Side effects of Aspirin

Oct 20,2021

The use of aspirin to treat fever dates back to antiquity with the use of willow bark and leaves. Ever since the active component of willow bark was isolated and marketed in 1899, it has remained one of the most popular medications for the treatment of fever, pain, and inflammation. Aspirin is consistently listed among the agents most often involved in human exposures, and is considered the causative agent in scores of deaths each year.



Aspirin is used as an analgesic, antipyretic, and antiinflammatory agent.

Mechanism of Toxicity  

As in humans, the environmental fate of acetylsalicylic acid is pH dependent. Above pH 5.5, acetylsalicylic acid will be the predominant form seen. Anions generally do not volatilize or undergo adsorption to the extent of their neutral counterparts. Although information is limited, aspirin is considered readily biodegradable and is ultimately mineralized to carbon dioxide and water.

Side effects

The most common adverse effects produced by the Aspirin are GI disturbances. Occult blood loss from the GI tract, peptic ulceration, and rarely, severe GI hemorrhage can occur. Because salicylic acid is highly bound to plasma proteins, it may be displaced by other highly protein-bound drugs such as oral anticoagulants, sulfonylureas, phenytoin, penicillins, and sulfonamides. The Aspirin have greatly reduced effects on blood loss and produce fewer adverse GI effects. In addition, they may be somewhat kidney sparing.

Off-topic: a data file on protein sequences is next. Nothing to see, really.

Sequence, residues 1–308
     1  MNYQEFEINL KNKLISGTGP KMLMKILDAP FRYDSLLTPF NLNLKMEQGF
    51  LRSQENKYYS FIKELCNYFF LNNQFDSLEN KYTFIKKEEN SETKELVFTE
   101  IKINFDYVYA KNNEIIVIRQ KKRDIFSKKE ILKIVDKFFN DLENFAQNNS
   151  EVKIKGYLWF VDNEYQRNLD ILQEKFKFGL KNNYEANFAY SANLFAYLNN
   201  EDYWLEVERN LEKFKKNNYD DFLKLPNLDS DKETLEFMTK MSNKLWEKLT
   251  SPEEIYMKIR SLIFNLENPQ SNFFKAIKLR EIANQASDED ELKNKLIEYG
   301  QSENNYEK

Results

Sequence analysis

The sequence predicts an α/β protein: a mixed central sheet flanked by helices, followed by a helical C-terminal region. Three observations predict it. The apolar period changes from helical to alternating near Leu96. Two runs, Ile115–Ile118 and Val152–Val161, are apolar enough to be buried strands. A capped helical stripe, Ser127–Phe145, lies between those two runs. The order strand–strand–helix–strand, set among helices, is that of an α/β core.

Aspirin may provoke hypersensitivity reactions and prolonged bleeding time in some individuals. Tinnitus, hearing impairment, blurred vision, and lightheadedness are indicators of toxic dosages. The use of aspirin in conjunction with any other NSAID is not recommended because of the lack of evidence that such combinations increase efficacy and because of the increased potential for an adverse reaction. Salicylates are contraindicated in children with febrile viral illnesses because of a possible increased risk of Reye’s syndrome.

Environmental Fate  

Anion gap metabolic acidosis occurs from a buildup of organic acids as well as the uncoupling of oxidative phosphorylation, which results in an imbalance in ATP consumption and production, resulting in a net buildup of hydrogen ions. 

Therefore, aspirin often causes a mixed acid–base status. Furthermore, the uncoupling of oxidative phosphorylation results in failure to produce ATP despite increased oxygen utilization, which leads to heat production and hyperthermia. Aspirin interferes with glucose metabolism and gluconeogenesis, and can cause profound decreases in cerebrospinal fluid glucose concentrations despite normal blood glucose concentrations.

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